In 2007, Timothy Brown, aka Berlin Patient, became the first man to be “cured” of HIV. Slightly over a decade later comes the “London Patient” — good news to tens of millions of HIV/Aids patients and hundreds of millions of their loved ones praying for a cure to be found.
Optimistic doctors and researchers say these two cases are, indeed, milestones worth celebrating. But their pessimistic colleagues say a medical panacea for HIV is not in the horizon yet. Nonetheless, many take it as a harbinger that humanity will vanquish HIV.
The two cases have an element of serendipity. The “London Patient”, who is anonymous, was diagnosed with HIV in 2003 and had been using antiretrovirals (ARVs). He was later diagnosed with Hodgkin’s Lymphoma, which was managed through chemotherapy, and in 2016 underwent a bone-marrow transplant. He is in a remission state; there is no evidence of the virus in his body system.
The “Berlin Patient” was also on ARVs before being diagnosed with Myeloid Leukaemia, which failed to respond to chemotherapy. He underwent two bone marrow transplants and, in 2007, was reported to have been “cured”.
In both cases, the targeted treatment was cancer with HIV being collateral damage. In both transplants, the donors had a rare mutation protein, CCR5, which rests on the surface of certain immune cells. HIV uses the protein to enter those cells but cannot latch onto the mutated version.
The protein may just hold the key to HIV cure, but why has it taken scientists a decade to replicate this? It goes to say that there will be a lot of soiling of hands in the labs before scientific community enjoys a eureka moment in the HIV war.
Bone marrow transplant, or simply stem cell transplant biotechnology, has been used in the treatment of some types of cancers. The stem cell transplant applied in these two cases is a relatively new but highly promising technology being used in the treatment of some medical conditions.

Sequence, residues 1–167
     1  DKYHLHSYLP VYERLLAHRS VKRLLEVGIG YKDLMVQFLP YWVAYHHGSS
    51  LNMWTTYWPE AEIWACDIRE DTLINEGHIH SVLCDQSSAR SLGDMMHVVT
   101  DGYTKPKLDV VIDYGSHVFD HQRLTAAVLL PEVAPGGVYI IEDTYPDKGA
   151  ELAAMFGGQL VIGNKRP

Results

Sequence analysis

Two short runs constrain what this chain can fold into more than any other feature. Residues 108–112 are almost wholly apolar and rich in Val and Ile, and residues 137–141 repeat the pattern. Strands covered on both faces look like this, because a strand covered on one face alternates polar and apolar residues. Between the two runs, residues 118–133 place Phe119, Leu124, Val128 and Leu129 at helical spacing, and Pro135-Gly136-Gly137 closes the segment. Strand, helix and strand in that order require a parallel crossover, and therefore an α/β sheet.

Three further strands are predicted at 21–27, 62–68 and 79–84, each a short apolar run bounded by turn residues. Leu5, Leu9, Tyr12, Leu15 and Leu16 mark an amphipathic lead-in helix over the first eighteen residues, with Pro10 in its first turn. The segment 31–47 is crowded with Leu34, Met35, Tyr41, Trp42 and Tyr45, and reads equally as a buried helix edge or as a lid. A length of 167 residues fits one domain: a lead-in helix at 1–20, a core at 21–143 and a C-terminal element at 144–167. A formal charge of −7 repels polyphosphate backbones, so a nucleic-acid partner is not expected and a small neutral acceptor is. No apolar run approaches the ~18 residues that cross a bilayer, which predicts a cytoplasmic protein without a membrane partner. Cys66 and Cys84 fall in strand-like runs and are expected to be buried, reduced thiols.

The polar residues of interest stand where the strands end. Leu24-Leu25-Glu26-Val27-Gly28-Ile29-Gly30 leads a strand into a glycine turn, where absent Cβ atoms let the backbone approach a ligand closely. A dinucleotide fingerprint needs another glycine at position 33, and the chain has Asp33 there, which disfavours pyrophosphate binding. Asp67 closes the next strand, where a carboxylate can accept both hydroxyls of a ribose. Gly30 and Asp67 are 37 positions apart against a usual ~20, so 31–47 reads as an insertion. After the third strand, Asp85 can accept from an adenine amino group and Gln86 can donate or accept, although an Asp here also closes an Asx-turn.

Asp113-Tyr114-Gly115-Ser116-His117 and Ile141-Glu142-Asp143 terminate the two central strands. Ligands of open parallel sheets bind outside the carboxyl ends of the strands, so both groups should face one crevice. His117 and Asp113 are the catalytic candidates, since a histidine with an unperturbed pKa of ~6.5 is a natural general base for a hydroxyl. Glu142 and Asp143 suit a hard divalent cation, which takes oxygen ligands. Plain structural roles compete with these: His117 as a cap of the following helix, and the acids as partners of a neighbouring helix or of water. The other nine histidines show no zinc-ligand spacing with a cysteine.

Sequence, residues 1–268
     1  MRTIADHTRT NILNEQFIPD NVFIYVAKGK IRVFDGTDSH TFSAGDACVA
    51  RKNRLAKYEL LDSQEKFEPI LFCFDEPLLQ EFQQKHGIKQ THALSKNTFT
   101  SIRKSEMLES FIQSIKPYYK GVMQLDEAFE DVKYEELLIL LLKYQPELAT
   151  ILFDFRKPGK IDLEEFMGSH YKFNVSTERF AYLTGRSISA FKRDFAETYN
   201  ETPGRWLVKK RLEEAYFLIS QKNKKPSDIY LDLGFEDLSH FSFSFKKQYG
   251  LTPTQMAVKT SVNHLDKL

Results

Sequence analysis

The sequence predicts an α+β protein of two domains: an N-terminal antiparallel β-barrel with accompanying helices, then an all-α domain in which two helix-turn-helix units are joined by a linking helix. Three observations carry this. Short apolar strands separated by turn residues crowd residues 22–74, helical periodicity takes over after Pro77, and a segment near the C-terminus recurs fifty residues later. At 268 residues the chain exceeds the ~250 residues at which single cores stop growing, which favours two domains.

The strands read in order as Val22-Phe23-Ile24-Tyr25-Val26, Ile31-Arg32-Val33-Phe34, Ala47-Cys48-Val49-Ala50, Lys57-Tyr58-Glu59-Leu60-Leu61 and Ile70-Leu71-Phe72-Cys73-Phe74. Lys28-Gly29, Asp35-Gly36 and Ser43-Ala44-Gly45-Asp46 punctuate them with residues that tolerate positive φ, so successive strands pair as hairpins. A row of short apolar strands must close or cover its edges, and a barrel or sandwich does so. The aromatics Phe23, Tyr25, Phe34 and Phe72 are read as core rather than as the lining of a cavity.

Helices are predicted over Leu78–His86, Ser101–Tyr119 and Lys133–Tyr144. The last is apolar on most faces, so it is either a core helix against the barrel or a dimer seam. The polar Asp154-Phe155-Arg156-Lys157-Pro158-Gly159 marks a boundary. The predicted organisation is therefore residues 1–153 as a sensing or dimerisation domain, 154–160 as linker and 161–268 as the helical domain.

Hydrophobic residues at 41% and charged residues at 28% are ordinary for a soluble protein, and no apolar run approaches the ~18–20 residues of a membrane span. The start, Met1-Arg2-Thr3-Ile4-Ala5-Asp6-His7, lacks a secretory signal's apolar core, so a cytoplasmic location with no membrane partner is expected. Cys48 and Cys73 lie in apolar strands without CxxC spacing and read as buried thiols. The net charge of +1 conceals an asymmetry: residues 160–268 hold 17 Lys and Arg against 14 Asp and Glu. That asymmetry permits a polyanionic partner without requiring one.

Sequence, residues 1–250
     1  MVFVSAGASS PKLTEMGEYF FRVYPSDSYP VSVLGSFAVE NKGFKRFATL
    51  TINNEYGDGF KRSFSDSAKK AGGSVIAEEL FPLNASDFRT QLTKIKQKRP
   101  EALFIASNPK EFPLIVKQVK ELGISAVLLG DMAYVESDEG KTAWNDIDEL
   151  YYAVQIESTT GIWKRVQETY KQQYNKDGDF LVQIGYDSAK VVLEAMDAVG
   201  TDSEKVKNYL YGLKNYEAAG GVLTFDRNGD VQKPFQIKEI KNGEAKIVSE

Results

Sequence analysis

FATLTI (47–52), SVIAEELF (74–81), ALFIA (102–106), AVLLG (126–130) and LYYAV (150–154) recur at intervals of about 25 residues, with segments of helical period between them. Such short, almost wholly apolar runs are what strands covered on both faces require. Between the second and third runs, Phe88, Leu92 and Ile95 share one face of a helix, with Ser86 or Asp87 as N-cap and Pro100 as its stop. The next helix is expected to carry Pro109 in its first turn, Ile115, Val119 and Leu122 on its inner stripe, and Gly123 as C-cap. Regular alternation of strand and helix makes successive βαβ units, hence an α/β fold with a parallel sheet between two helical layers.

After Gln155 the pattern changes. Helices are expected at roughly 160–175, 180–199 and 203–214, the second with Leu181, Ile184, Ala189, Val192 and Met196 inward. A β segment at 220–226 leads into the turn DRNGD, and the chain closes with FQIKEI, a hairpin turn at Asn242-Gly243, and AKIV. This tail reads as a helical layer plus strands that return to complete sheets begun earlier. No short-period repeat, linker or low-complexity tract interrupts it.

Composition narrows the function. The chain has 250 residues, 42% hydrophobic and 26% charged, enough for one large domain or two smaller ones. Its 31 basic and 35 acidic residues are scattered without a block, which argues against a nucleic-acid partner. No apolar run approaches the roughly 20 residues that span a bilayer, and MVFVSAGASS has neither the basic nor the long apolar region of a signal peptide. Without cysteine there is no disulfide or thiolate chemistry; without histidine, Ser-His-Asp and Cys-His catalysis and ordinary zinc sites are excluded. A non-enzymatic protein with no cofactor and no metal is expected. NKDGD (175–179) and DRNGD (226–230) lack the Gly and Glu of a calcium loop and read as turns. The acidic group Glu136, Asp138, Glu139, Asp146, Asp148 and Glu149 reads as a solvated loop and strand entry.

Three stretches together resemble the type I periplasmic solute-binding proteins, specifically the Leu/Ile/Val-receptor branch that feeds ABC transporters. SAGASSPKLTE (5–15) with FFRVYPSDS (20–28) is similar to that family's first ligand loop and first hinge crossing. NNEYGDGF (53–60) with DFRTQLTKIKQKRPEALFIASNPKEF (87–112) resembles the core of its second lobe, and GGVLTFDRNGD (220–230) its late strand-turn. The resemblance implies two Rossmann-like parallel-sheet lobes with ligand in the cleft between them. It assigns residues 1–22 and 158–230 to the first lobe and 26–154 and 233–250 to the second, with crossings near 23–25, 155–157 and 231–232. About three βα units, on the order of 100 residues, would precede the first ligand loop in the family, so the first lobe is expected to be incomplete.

Stem cells can transform into different cell types, sometimes after long periods of inactivity. When a stem cell divides, each new cell has the potential to either remain a stem cell or become another type of cell with a more specialised type and, subsequently, function. They serve as an innate repair system to replenish other cells.
Stem cell biotechnology taps the pluripotent (ability to replicate and change into other cells) nature of stem cells. Researchers can redirect the cells to form new ones of their choice, which can be used in the treatment of diseases like cancers, stroke, burns, type 1 diabetes and probably HIV/Aids.
Being a relatively new medical technology, controversy is expected and already a lot of it have been documented.
Although stem cells can be harvested from adult bone marrow and fat, embryonic stem cells got from 3-5-day-old embryos are the best due to their versatility. The latter raised a lot of moral issues; in vitro embryos are mostly used.
Another issue that might add a dark cloud to this journey towards discovery of HIV cure is the application of this technology. Maybe you are already wondering why a black patient is yet to make it onto this seemingly prevented list? The technology is expensive and dangerous, making it unfeasible for the millions of patients receiving ARV treatment. But like any other method, crude as it may look at its infancy, it can be refined and be subsidised to make it accessible to all.
Before governments started giving ARVs free of charge, many people died because they could not afford them. Even if this technology were proven to work and approved for use, it could take a little bit longer for it to diffuse to the commoners.
The beauty of science is that it is stubbornly resilient; it draws its nutrients from difficulties and suffers not from stagnation it grows in whichever conditions it finds itself. A lot of research is going on towards HIV cure and, who knows, one day we may wake up to naked scientists on our streets shouting “Eureka!”. Until then, HIV/Aids remains among leading killers and prevention will always prevail over cure.
Dr Othieno is a veterinary doctor based in Nairobi. [email protected]